2 tbsp rice flour for dusting your proving basket
2 tbsp semolina flour for dusting your baking tray
1 Mix the dough
You need to start the bread about 24 hours before you want to eat it, so start early Saturday morning it will be ready to bake on Sunday morning.
Make sure your starter looks active and bubbling, see picture. Put the flour, water and sourdough starter in a medium mixing bowl and use a spoon to combine, once it starts to form a ball get your hands in and bring together so no floury patches remain. The dough will look lumpy and rough at this point but that’s fine. Clean out the bowl and then return the dough, cover with cling film or a clean shower cap and leave to rest for an 30 minutes at room temperature.
2 Add the salt:
Uncover and use your finger tips to poke loads of dents into the dough now pour the cooled salty water on top, the dents will help it evenly distribute. Cover again and leave for 15 minutes at room temperature.
Now you’re ready to knead, we will do this 4 times in total with 25 minutes rest (at room temperature) in between each one. It will only take a couple of minutes to knead it’s very simple but you will feel the dough change in consistency as time goes on. I have included a video to show the turning movement.
Knead 1: Lift and fold your dough over, then move the bowl a quarter of a turn and lift and fold again. Do this movement 8-10 times in total. It will be very wet from the salt water but don’t worry, it will come together by the final knead. Cover again and leave for 20 minutes.
Knead 2: Lift and fold your dough over, then move the bowl a quarter of a turn and lift and fold again. Do this movement 6-8 times in total. Cover again and leave for 20 minutes.
Knead 3: Lift and fold your dough over, then move the bowl a quarter of a turn and lift and fold again. Do this movement 4-6 times in total. Cover again and leave for 20 minutes.
Knead 4: Lift and fold your dough over, then move the bowl a quarter of a turn and lift and fold again. Do this movement 4 times in total. Cover again and leave for 15 minutes.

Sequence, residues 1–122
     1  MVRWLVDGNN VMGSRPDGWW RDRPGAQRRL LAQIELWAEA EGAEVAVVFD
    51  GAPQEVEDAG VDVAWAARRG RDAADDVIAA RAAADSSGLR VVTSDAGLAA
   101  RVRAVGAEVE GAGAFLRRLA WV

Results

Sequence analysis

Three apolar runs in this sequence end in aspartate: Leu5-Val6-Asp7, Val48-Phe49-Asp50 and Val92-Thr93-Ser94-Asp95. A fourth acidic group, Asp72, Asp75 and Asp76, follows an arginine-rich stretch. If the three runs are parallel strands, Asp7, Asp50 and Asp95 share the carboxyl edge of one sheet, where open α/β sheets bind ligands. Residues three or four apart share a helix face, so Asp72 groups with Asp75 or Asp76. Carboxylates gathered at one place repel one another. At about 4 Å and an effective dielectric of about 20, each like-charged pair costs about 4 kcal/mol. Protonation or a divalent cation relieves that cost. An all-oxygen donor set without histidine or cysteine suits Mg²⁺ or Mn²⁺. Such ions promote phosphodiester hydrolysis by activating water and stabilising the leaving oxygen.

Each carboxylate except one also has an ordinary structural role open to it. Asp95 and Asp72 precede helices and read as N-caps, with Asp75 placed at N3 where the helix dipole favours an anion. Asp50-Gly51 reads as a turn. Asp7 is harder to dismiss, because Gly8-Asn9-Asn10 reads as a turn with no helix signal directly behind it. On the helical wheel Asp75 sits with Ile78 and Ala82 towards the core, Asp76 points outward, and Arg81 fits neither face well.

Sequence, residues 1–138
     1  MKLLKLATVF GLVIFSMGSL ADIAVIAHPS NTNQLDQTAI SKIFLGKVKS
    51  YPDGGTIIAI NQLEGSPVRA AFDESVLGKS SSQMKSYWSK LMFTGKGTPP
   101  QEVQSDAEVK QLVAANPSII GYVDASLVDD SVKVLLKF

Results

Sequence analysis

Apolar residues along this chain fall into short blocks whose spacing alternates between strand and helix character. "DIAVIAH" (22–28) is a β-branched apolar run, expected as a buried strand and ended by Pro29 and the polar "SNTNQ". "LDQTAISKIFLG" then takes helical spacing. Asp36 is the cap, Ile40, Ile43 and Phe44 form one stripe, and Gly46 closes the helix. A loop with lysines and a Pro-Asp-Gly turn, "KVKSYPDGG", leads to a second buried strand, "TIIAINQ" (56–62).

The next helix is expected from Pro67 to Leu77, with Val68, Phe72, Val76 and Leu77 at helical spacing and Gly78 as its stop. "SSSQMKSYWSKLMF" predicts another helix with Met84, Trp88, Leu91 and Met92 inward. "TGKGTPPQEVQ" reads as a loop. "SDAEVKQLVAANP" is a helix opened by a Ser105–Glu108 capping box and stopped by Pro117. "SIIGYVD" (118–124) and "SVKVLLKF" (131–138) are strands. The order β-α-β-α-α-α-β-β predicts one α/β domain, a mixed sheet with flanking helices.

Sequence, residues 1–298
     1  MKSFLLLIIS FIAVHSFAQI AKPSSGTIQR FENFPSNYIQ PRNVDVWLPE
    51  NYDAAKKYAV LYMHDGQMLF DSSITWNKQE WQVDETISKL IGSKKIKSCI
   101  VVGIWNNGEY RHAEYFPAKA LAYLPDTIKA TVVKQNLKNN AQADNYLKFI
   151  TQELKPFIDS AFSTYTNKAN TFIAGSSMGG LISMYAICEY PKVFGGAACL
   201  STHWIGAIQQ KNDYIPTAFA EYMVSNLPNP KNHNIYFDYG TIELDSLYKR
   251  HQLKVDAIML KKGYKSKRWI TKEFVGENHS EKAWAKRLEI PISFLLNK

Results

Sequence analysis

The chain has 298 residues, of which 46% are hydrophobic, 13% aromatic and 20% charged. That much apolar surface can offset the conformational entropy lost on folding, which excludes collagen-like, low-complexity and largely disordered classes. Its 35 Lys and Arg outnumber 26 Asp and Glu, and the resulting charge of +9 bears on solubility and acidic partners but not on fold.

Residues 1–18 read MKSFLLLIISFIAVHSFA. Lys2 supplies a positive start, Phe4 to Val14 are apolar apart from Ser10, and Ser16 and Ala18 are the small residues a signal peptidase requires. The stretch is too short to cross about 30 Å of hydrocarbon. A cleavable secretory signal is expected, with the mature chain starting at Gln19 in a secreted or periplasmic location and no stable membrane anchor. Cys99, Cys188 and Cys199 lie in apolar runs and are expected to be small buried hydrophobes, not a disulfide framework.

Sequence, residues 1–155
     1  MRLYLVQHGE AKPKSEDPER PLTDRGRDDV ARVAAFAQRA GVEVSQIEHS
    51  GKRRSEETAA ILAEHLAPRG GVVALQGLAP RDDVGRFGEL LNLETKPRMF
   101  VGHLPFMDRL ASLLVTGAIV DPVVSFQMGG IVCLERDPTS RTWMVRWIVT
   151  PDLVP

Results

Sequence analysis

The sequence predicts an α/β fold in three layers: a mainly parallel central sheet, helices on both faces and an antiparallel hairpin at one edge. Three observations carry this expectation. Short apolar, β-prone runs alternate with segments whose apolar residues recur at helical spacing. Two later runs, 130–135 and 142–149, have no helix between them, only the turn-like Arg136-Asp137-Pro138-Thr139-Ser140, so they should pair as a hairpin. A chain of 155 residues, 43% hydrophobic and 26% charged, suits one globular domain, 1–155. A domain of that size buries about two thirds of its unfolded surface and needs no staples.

4 Shape & Prove
Firstly dust your basket really well with 2 tbsp of ground rice flour (or regular flour if you can’t find this). Make sure it is really well floured all over or your bread will stick. Believe me I speak from experience.
Take your dough ball and fold the edges round on itself then pinch together to create a seamed side and smooth side (see video). Put the ball, seem side down, in your basket, cover with your shower cap and leave out on the side until doubled in size (see picture.) Mine took 10 hours, it could take a little longer if your kitchen is cold. Once doubled in size transfer to the fridge for AT LEAST 12 hours, you can leave it for up to 18 hours if you like.
Do not be tempted to do this all at room temp to speed up the process, the dough will probably not come out the basket and the flavour wont be as good.
You’re now ready to bake your loaf and you have two options here 1) in a cast Iron pan with a lid, such as a le crustet. 2) on a standard baking tray spraying the oven with water. The first method will give you a thicker crust but if you don’t have a cast iron pan then the second is definitely good enough! Personally if this is your first time I would be going for option 2 as it’s easier to release the loaf onto a tray than into a very hot pan!
Heat oven to 240C/220C fan/gas 8. Take the lid of your pan and put it in the oven to heat up too. Carefully remove, it will be very hot, spray the sides with some oil (the kind that comes in a spray bottle). Dust the bottom with the semolina flour. Carefully invert your basket into the pan and shake to release the bread. Slash the top using a sharp knife or blade and put the lid on. Bake for 40 minutes then remove the lid and bake for 20 minutes more. Allow to cool a little before lifting onto a wire rack to cool completely.
Heat oven to 240C/220C fan/gas 8. Take a tray and dust all over with semolina flour. Take your basket and invert onto the tray. Give the basket a firm tap on top then gently shake from side to side, you’ll hear it release. Carefully remove the basket. Using a blade or a very sharp knife make a slash. You can do this in any pattern you like, see pictures for ideas. It allows the steam to escape in a controlled way.
Have your spray bottle ready, put the tray in the oven and quickly spray the oven with the water, about 12 times. Do this fast so the temp doesn’t drop too much.
Bake for 30 minutes. Opening and spraying again half way through. Check your bread it should be dark golden and the crust should be hard. When you turn it over the base should be golden and hard and sound hollow when tapped. If not then cook for a further 5-10 minutes. Cool on a wire rack before slicing.